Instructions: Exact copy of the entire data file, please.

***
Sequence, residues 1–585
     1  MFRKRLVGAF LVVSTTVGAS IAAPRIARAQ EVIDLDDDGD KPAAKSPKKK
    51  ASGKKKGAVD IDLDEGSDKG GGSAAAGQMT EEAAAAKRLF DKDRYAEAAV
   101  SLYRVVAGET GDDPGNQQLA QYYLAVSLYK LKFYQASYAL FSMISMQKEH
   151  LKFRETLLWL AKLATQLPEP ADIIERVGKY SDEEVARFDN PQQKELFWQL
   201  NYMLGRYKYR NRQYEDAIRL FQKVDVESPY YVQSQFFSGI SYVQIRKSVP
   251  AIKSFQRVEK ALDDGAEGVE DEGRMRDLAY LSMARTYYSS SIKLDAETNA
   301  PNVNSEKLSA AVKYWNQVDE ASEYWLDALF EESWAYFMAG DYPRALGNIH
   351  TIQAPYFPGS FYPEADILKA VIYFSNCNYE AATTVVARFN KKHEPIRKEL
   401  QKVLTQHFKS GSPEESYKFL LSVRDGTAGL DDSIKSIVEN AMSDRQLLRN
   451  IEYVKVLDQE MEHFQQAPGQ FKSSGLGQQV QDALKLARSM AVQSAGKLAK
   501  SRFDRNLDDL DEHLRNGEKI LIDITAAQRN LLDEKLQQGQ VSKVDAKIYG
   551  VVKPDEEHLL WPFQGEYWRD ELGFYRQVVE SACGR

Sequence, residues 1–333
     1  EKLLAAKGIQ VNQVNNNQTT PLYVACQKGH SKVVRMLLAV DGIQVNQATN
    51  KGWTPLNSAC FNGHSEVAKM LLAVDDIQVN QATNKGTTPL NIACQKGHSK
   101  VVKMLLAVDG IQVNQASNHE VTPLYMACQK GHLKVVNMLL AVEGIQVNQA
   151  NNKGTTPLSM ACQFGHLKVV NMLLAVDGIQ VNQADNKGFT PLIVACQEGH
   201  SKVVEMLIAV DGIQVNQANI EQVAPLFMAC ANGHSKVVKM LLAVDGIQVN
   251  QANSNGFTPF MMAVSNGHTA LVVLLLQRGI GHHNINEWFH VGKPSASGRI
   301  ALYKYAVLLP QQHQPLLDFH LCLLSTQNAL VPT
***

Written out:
Sequence, residues 1–585
     1  MFRKRLVGAF LVVSTTVGAS IAAPRIARAQ EVIDLDDDGD KPAAKSPKKK
    51  ASGKKKGAVD IDLDEGSDKG GGSAAAGQMT EEAAAAKRLF DKDRYAEAAV
   101  SLYRVVAGET GDDPGNQQLA QYYLAVSLYK LKFYQASYAL FSMISMQKEH
   151  LKFRETLLWL AKLATQLPEP ADIIERVGKY SDEEVARFDN PQQKELFWQL
   201  NYMLGRYKYR NRQYEDAIRL FQKVDVESPY YVQSQFFSGI SYVQIRKSVP
   251  AIKSFQRVEK ALDDGAEGVE DEGRMRDLAY LSMARTYYSS SIKLDAETNA
   301  PNVNSEKLSA AVKYWNQVDE ASEYWLDALF EESWAYFMAG DYPRALGNIH
   351  TIQAPYFPGS FYPEADILKA VIYFSNCNYE AATTVVARFN KKHEPIRKEL
   401  QKVLTQHFKS GSPEESYKFL LSVRDGTAGL DDSIKSIVEN AMSDRQLLRN
   451  IEYVKVLDQE MEHFQQAPGQ FKSSGLGQQV QDALKLARSM AVQSAGKLAK
   501  SRFDRNLDDL DEHLRNGEKI LIDITAAQRN LLDEKLQQGQ VSKVDAKIYG
   551  VVKPDEEHLL WPFQGEYWRD ELGFYRQVVE SACGR

Sequence, residues 1–333
     1  EKLLAAKGIQ VNQVNNNQTT PLYVACQKGH SKVVRMLLAV DGIQVNQATN
    51  KGWTPLNSAC FNGHSEVAKM LLAVDDIQVN QATNKGTTPL NIACQKGHSK
   101  VVKMLLAVDG IQVNQASNHE VTPLYMACQK GHLKVVNMLL AVEGIQVNQA
   151  NNKGTTPLSM ACQFGHLKVV NMLLAVDGIQ VNQADNKGFT PLIVACQEGH
   201  SKVVEMLIAV DGIQVNQANI EQVAPLFMAC ANGHSKVVKM LLAVDGIQVN
   251  QANSNGFTPF MMAVSNGHTA LVVLLLQRGI GHHNINEWFH VGKPSASGRI
   301  ALYKYAVLLP QQHQPLLDFH LCLLSTQNAL VPT